Different Strokes: Youth, the Arts and Meaning-Making

By Li Enci

“Art does not have to be pretty, it has to be meaningful.”— Artist Duane Hanson

Being young is a tricky time, even in the best of circumstances. The challenges that youths face come in all shapes and sizes. Whether their troubles stem from a lack of affirmation, or the weight of their parents’ expectations, or a troubled home life, young persons can find it hard to navigate life’s ups and downs. Everyone has different ways of coping. More “resilient” youths may be able to “bounce back” relatively quickly after a setback. But others may not be able to deal with their stress and challenges positively. Without proper guidance or help, they tend to fall into unhelpful patterns of behaviour. In my observations, the problem is that most young people tend not to share their problems with others, either because they don’t want anyone to know they’re struggling, or because they believe asking for help will not solve their problem(s). Instead, they try to deal with their challenges using methods and solutions that are not helpful—even harmful—and come to develop dysfunctional behaviours.  

Photo by Kobe Michael from Pexels

Therefore, those hoping to engage with and help troubled youth need to be creative in their approach. Enter the arts. Art can convey a multitude of expressions and interpretations, as well as hold different meanings for different individuals, depending on their experiences, thoughts and emotions. It is a non-threatening way for the youth to express their inner feelings, manage emotional and behavioural problems, cope with trauma and victimisation, develop artistic talents and skills, and improve strengths and assets they already possess.1 Those who feel like their lives are out of control may find relief in arts-based programmes and therapies. The interactive component in such activities provides them with the opportunity to form trusting relationships with prosocial adults—therapists, master artists or teachers—as well as derive a sense of accomplishment from creating an original product from start to finish. In the case of troubled youth, their works are a reflection of their personal thoughts, experiences and hard work, and a visual reminder of their journey of healing and rehabilitation.2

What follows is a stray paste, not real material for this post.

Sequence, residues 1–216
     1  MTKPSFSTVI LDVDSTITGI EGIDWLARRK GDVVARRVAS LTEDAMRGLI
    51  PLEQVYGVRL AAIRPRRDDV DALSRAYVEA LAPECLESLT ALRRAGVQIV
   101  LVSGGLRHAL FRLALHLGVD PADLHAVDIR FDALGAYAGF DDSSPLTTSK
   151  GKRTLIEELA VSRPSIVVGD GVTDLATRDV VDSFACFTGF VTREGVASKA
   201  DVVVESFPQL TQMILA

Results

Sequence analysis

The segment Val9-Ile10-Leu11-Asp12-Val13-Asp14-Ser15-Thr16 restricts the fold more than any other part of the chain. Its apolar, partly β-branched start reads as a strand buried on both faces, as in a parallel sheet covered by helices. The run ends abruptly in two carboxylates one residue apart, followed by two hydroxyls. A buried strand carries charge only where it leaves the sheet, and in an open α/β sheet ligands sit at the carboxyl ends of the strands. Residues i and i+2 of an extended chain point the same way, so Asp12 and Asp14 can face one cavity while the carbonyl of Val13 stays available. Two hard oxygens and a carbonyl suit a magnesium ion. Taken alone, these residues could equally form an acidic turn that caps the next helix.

Photo by Kaique Rocha from Pexels

The Lutheran Community Care Services (LCCS) conducts an Arts Engagement Programme that equips young persons with skills in photography, ceramics, glass fusing, playback theatre and taiko drums. Through these courses, some of which are not widely available on the market, the youth have a safe space to hone a new craft, be part of a welcoming community, and can channel their energies into a creative outlet. In my work with the youth in arts-based programmes, I have observed many cases in which they surprised themselves and others with their perseverance and creativity, and gained tremendous confidence. Whether they expressed themselves through sound, visuals or movements, the arts gave them a voice to articulate emotions and life experiences that they found hard to put into words. The stories that they told through their works also allowed me, as well as my colleagues at LCCS, to empathise more deeply with them regarding their struggles. With a channel to convey abstract and deep emotions, young people can engage in the arts as a way to make sense of their experiences, learn more about themselves, and open their minds to new perspectives.3 At LCCS’s photography sessions, the youths are taught that it’s not just about pointing and clicking a button— they have to be aware of where their focus is, what do they capture, and what would they want to save or delete. In a sense, photography is also a mirror of their life experiences—what are some pictures they are retaining and others they are removing, and how do they add meaning to the individual?